“It was something that was so unexpected,” said Baker. “My dad was a super fit guy, he always looked after himself. He was happy, the best person I know and it was a shock and I think and that was the worst thing. There was nothing really to prepare for that.”
He was also someone who had supported and encouraged his daughter’s cycling dreams every step of the way. After three weeks with her family, Baker made the decision that while it was hard to leave behind her mother and sister, it was time to head off and join her track teammates in Europe.
“I missed out on a couple of weeks of training in Europe but one of the reasons that really got me through was my dad knew how much I wanted to go and have that opportunity,” said Baker. That was something I really needed to do if I wanted to make this Olympic team. That was a vital step to prove what I have got, to show the coaches what I have to offer. The reason why I went was I knew that Dad, if I didn’t go, would have been so disappointed.”
Not that it was easy, with the emotions of the loss still so raw, but it was among a group where Baker had friends, not just teammates.
As 2015 went on, it appears that the extra experience as well as the strength and determination Baker had to find to forge through the loss of her father were being channelled into performance on the bike.
She had managed some top-ten results in the National Road Series in 2014, but in 2015 she lifted her sprinting game and came across the line first in four stages to take out three tours. She also took second in the series general classification, behind back-to-back winner Ruth Corset (Rush Women’s Team) despite missing out on some of the races.
Baker believes the time on the road made her stronger and faster when she turned her attention back to the track. Baker took gold in the omnium and individual pursuit at the Oceania Track Championships in October. Then at the start of December she went to the World Cup in New Zealand for the team pursuit, securing a spot to race with two world champions, Ashlee Ankudinoff and Amy Cure, along with Isabella King in the gold medal race against Canada. It was a big opportunity that came on a significant day for Baker as it was her late father’s birthday.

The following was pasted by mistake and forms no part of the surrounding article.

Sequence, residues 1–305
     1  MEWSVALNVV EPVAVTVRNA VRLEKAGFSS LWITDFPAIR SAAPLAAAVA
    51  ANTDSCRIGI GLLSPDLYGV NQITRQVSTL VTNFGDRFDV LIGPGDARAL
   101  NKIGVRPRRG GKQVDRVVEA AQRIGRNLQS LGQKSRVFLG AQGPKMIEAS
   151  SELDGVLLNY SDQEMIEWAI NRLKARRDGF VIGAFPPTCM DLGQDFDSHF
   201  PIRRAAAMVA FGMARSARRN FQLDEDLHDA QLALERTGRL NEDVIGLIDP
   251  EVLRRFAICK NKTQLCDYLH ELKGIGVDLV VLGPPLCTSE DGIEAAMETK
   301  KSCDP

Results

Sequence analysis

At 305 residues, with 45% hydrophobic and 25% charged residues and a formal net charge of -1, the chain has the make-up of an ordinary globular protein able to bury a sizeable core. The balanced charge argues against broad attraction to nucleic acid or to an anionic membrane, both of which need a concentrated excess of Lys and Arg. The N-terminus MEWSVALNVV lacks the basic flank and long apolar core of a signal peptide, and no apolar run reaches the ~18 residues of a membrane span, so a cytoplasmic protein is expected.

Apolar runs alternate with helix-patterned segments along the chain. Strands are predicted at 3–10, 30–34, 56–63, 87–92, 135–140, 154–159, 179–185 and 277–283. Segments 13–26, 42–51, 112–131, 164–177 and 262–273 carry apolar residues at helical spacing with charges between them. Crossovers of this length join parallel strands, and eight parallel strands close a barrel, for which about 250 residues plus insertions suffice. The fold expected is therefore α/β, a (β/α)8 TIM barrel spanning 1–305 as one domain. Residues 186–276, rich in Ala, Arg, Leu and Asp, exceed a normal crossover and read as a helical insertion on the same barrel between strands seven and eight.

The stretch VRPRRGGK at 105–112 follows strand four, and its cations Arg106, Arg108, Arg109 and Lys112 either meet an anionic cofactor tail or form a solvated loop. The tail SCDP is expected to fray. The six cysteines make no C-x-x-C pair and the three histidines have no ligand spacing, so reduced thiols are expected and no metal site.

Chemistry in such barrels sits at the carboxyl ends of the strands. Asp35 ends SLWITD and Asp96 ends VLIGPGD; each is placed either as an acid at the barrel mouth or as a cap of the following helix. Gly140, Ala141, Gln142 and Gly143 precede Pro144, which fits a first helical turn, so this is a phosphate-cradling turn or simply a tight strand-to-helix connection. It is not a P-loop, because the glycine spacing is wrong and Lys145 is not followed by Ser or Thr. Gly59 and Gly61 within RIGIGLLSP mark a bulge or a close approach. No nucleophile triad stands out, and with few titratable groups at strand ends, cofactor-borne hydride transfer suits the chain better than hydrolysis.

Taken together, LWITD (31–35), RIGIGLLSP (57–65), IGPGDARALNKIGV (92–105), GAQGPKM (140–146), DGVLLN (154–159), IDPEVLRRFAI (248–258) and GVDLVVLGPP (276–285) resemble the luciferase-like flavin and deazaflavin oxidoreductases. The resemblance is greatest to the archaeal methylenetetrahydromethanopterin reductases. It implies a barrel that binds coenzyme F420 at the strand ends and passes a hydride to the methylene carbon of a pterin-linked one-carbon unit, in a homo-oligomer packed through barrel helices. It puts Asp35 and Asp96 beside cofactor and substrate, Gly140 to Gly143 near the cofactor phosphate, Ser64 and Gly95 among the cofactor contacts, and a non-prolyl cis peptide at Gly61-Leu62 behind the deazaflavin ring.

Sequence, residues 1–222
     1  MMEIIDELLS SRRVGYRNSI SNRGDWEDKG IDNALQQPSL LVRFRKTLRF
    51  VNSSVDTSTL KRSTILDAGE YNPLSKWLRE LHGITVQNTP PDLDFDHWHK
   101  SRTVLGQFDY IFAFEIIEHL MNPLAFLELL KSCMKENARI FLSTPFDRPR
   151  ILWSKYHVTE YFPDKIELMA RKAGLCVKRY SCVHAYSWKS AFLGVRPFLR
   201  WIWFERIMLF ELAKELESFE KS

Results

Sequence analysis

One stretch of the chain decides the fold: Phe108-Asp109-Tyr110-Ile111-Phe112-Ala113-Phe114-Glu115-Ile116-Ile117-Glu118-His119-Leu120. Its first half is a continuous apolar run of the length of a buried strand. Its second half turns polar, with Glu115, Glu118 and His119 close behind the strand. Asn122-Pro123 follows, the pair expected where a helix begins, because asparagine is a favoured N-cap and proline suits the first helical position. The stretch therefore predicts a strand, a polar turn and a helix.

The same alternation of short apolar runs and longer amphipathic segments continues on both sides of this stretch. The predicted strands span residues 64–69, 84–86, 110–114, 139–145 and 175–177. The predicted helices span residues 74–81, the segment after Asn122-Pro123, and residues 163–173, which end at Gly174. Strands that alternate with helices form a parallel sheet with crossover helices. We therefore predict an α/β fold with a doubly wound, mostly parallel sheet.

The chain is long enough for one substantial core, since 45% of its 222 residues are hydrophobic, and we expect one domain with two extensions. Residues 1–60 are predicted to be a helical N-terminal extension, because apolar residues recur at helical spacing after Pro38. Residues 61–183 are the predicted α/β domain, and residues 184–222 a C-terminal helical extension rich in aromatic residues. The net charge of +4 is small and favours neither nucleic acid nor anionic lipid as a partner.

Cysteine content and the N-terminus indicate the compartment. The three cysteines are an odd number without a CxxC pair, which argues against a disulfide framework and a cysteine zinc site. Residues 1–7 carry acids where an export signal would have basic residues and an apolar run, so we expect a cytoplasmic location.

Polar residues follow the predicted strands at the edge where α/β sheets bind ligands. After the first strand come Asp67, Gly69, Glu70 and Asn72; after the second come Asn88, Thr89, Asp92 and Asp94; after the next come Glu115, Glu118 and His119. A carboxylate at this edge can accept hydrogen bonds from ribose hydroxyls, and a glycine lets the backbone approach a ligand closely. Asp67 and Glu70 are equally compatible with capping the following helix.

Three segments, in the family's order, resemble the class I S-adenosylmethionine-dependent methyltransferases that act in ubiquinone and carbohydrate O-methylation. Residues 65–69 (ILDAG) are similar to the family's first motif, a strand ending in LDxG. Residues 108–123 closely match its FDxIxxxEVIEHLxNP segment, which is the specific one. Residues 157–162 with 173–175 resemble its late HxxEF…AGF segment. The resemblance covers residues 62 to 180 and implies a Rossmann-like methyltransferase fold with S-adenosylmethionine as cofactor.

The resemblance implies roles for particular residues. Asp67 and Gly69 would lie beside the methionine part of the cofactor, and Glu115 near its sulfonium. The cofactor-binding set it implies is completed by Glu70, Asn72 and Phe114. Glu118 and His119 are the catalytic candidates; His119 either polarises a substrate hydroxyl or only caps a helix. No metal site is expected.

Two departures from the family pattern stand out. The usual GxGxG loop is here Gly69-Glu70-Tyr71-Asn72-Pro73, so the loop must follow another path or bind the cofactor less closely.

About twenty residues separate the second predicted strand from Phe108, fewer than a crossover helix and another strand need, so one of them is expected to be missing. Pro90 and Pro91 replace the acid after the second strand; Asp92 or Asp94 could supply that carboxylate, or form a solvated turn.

Her supportive teammates donned black armbands during the tight battle. Australia lost the lead at the half way mark and then fought back to get ahead by the narrowest of margins with one kilometre to go. It was Baker who finished off the exciting final laps, giving it everything to hold onto the slimmest of leads.
“That was the fastest I’ve ever ridden in a team pursuit and it just gave me a lot of confidence that I can ride that fast and I can play a major role to contribute to the team,” said Baker.
Baker finished off the year with a madison national title and then opened up the podium places for 2016 with a silver in the scratch race at the Cycling Australia Track National Championships. It was also announced Wednesday that she had been selected to race the team pursuit at the 2016 UCI World Track Championships, which is in London in March.
Melissa Hoskins, who was part of Australia’s world championship winning team in 2015, was unable to go and defend the title because of illness. “It has however opened a door for Georgia Baker to be tested in London as Georgia has pushed her way into the team with some big improvements over the last six months,” Kevin Tabotta, national performance director at Cycling Australia said in a statement.
The Tasmanian, who is currently living in Adelaide, hopes that after the world championships it will all be about working toward the Olympics and right now it is hard to think beyond that.
“My major goal has always been to get there,” said Baker. “If I achieve it or if I don’t I should be happy and then I’ll make a decision after that about what I want to focus on.”
Whatever happens she is bound to be helped on her way by the strength instilled by a father that believed she could do anything and taught her to pick herself up and keep pedalling if she fell.
“Nothing will be as hard as what I’ve been through so I think that is one positive that you could take out of that horrible, horrible situation,” said Baker. “I can get through anything now. I’ve been through the worst … nothing could be as bad as that.”